YOU ARE HERE: LAT HomeCollections

Dance | REVIEW

Spirited solos drive flamenco

November 15, 2002|Lewis Segal | Times Staff Writer

Once a few curious lapses are remedied, the six-week, Wednesdays-only Cuadro Flamenco series at the Fountain Theatre (through Dec. 18) promises to provide an ideally intimate and varied overview of local contemporary flamenco style.

Along with distinguished flamenco singer Antonio de Jerez, each program features guitarist Antonio Triana, who also serves as artistic director for the series. Unfortunately, Triana neglected to give himself a solo spot on the brief inaugural program. Instead, he concentrated on supplying vibrant accompaniments for the dancing. The evening's trios prioritized formal, gracious interaction but otherwise did little more than summarize the qualities that each participant would develop later in extended solos. But those solos proved memorable.

Marcellina de Luna's solo emphasized hearty attacks and vivid emotional projection. Playoffs between heel- and toe-emphases and a walking passage with artful hesitation steps displayed her very solid technique, but these effects almost always remained subordinate to her expressions of mood or spirit.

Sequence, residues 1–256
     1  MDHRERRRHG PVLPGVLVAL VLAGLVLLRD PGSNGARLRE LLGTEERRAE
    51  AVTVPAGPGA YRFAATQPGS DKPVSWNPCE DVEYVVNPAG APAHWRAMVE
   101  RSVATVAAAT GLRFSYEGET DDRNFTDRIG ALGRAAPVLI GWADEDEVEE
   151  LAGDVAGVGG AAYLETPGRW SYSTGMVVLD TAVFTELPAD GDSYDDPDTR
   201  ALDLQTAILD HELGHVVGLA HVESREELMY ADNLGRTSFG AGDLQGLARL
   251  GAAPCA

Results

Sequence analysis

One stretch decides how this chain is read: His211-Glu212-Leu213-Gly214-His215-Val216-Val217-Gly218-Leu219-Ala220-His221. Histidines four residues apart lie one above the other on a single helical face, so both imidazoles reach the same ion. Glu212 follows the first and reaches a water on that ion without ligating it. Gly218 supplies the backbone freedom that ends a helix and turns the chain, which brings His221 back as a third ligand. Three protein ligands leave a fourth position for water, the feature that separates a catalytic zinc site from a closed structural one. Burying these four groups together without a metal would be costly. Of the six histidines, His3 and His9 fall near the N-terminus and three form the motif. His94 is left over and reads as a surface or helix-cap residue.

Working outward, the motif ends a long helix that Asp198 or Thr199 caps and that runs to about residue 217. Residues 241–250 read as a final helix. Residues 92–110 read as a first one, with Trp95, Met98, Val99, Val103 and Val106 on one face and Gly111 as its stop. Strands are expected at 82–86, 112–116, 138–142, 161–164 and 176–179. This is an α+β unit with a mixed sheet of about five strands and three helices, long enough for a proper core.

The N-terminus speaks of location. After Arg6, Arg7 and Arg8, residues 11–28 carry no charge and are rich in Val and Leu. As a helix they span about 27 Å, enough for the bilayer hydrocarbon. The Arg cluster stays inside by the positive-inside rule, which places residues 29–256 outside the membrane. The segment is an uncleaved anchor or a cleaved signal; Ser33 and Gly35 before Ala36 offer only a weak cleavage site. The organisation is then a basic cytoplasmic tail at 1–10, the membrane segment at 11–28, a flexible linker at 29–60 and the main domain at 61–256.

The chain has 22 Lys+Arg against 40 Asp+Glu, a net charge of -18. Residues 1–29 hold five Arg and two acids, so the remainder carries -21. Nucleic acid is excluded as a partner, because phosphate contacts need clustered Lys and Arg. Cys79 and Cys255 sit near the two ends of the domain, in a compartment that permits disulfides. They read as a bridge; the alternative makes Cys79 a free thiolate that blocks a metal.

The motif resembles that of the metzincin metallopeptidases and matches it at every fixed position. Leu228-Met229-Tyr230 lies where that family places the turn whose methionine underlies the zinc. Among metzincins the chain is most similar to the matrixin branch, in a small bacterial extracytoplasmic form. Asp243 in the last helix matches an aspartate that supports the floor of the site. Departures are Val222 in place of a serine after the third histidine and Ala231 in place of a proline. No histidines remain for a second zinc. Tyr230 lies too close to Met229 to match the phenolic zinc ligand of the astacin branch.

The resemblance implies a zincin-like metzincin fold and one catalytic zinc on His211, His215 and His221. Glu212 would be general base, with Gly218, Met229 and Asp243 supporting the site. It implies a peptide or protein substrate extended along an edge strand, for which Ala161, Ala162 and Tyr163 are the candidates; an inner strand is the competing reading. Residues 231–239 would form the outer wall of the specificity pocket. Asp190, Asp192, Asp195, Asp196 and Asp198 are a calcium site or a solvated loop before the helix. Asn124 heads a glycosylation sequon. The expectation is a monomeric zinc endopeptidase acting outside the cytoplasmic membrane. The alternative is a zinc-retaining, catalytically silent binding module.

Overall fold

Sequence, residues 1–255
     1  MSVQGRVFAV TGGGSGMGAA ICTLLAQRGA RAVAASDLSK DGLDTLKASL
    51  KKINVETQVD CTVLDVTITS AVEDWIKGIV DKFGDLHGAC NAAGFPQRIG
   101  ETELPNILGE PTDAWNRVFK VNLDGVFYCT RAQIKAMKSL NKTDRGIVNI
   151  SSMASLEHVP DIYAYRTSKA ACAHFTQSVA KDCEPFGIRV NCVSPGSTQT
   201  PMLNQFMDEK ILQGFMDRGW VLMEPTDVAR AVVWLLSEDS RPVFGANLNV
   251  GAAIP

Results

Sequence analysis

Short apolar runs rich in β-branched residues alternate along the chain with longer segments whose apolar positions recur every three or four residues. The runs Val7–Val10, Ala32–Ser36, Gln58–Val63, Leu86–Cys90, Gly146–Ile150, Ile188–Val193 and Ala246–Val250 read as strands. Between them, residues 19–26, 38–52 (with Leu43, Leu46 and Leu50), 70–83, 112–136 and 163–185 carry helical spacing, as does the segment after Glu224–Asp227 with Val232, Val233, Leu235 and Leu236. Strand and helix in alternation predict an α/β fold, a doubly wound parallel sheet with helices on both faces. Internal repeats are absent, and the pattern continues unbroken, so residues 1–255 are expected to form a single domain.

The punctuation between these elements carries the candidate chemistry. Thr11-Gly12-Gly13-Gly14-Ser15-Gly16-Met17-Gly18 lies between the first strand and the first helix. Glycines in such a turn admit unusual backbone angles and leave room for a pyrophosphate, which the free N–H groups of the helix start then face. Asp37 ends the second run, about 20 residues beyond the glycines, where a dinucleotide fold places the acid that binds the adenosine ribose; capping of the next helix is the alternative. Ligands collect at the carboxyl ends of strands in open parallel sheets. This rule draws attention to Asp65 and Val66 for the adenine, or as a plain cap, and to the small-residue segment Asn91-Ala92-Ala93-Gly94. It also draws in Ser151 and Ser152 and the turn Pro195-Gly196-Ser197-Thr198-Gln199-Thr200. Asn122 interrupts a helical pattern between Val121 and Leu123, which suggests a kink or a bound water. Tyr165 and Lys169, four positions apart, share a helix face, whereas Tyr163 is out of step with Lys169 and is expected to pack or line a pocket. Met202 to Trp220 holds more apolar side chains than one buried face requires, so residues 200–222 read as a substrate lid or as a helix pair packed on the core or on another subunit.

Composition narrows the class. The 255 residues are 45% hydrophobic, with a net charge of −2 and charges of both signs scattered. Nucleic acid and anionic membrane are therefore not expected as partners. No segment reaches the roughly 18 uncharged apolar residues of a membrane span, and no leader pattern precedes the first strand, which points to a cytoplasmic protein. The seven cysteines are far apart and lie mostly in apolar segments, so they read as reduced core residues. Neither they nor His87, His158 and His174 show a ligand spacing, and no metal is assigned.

In contrast, the solo by La Yeni remained essentially sculptural, marked by dramatic shifts of position and a kind of sinewy pliancy. The tiniest dancer on Wednesday, she could detonate startling explosions of percussive steps, but her performance always seemed more about beautiful design than states of feeling.

Dancing a solo by Roberto Amaral that offered a lot of flamboyant effects but no real shape, Timo Nunez reveled in the mock-surly stances, flashy turns and sudden percussive flurries assigned him. He also used his height brilliantly, sometimes seeming to fill the whole platform stage with a single stretch.

Strangely aimless, the full-company second half of the program offered the shortest of solos by each of the dancers, after which they invited friends and colleagues in the audience to perform. These guests included Suzie Bartes, Sue Connor and Vanessa Acosta.

Besides lending his vocal artistry to the dances, De Jerez sang a robust "Cante Andaluz."

Los Angeles Times Articles